Travelling to London earlier this week I was getting onto
the crowded tube at Kings Cross when a man said, ‘Hey don’t push the boy out’.
In front of him and besides me there was a boy of I guess 10. Sheepishly I
continued on but realised that the man had been right. In my haste to squeeze
onto the tube I had pushed in front of this boy, using my size, and probably experience
of the tube, in a way which was unfair and unkind to the boy. I could put my
lack of thought and care down to any number of factors – I hadn’t eaten for 15
hours and only had water to drink for 12; the train had arrived a few minutes
late so I was hurrying to get to my appointment on time; I was simply caught up
in the crowd. But actually they are all excuses and none justified the way I
acted; ignoring the child, or even worse deliberately pushing the child out.
As we proceeded I thought about my action. I got off at
Great Portland Street; so did the man and boy. So instead of walking on and out
the gates I turned around and went back to say sorry. I looked the man in the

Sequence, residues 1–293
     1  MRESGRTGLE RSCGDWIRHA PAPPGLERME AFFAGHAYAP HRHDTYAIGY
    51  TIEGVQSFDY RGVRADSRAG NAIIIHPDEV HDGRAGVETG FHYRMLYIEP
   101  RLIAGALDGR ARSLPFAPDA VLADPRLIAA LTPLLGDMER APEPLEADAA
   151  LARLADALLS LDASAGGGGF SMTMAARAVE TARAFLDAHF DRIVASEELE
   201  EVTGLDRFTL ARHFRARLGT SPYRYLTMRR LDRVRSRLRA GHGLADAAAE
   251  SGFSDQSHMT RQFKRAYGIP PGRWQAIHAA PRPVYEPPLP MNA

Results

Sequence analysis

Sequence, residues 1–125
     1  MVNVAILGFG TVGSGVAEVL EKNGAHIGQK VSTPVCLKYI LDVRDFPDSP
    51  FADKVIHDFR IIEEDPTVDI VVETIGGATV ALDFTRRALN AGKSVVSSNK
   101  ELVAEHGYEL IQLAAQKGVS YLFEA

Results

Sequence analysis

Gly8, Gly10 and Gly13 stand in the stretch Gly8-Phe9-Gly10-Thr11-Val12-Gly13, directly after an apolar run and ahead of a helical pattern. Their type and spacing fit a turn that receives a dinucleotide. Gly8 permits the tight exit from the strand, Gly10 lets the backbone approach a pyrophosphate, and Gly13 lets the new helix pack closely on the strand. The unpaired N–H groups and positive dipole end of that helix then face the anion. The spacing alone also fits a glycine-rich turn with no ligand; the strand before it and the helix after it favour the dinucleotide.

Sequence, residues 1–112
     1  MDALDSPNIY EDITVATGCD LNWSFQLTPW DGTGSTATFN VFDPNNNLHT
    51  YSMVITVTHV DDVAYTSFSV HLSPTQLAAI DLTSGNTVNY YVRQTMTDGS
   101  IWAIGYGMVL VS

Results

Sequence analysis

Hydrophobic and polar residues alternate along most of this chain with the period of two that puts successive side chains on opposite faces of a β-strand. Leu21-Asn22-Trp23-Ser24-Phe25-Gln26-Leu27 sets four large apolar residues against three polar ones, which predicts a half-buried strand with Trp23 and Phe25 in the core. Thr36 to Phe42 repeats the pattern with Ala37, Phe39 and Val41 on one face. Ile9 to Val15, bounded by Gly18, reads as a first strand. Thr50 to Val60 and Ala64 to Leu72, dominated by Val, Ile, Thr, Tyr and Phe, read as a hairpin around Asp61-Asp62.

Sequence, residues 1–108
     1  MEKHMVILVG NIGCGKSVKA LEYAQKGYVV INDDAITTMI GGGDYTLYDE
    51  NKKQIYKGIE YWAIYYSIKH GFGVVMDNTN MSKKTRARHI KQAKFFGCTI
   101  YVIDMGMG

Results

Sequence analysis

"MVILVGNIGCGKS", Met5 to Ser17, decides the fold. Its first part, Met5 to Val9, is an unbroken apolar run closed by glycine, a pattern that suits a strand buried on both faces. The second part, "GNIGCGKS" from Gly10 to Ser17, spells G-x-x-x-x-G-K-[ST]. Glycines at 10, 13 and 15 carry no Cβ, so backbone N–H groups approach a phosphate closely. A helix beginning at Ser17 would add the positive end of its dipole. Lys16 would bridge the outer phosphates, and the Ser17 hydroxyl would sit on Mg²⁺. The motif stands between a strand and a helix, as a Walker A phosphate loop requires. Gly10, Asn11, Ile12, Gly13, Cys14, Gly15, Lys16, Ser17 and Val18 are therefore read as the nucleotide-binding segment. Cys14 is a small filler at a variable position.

eye and said, ‘I’m sorry; you were right. I apologise’ I shook his hand; he
thanked me. I turned and walked away; I was glad that I had acted to say sorry;
that I had literally gone against the crowd to do so. The man was surprised;
apologies on the tube don’t happen often. But just as I was feeling good about
myself it hit me – I hadn’t said sorry directly to the child. Once again I had
ignored him, put him to one side. In the crush of movement through the busy
rush hour by then it was too late to find them again and apologise to the child.
So easily even those of us who are committed to trying to
ensure children are treated equally; working hard for justice for all children;
passionate about children’s spirituality and inclusion can get it so wrong. We
can ignore the child. We can push them to one side. We can talk about them over
their heads. We can feel good about what we have done for the child when the
child has been left out.
Lord have mercy. Lord help us all to truly recognise and
honour the child.